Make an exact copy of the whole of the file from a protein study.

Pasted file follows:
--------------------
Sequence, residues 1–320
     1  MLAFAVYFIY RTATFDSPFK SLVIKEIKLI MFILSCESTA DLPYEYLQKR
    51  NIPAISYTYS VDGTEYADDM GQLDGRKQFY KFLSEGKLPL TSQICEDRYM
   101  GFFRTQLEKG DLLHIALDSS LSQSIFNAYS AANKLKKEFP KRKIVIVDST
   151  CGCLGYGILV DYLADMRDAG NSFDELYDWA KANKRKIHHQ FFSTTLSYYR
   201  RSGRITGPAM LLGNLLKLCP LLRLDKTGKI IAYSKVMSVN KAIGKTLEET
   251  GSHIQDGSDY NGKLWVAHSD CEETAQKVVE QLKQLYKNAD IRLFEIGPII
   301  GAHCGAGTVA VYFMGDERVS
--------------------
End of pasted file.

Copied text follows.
Sequence, residues 1–320
     1  MLAFAVYFIY RTATFDSPFK SLVIKEIKLI MFILSCESTA DLPYEYLQKR
    51  NIPAISYTYS VDGTEYADDM GQLDGRKQFY KFLSEGKLPL TSQICEDRYM
   101  GFFRTQLEKG DLLHIALDSS LSQSIFNAYS AANKLKKEFP KRKIVIVDST
   151  CGCLGYGILV DYLADMRDAG NSFDELYDWA KANKRKIHHQ FFSTTLSYYR
   201  RSGRITGPAM LLGNLLKLCP LLRLDKTGKI IAYSKVMSVN KAIGKTLEET
   251  GSHIQDGSDY NGKLWVAHSD CEETAQKVVE QLKQLYKNAD IRLFEIGPII
   301  GAHCGAGTVA VYFMGDERVS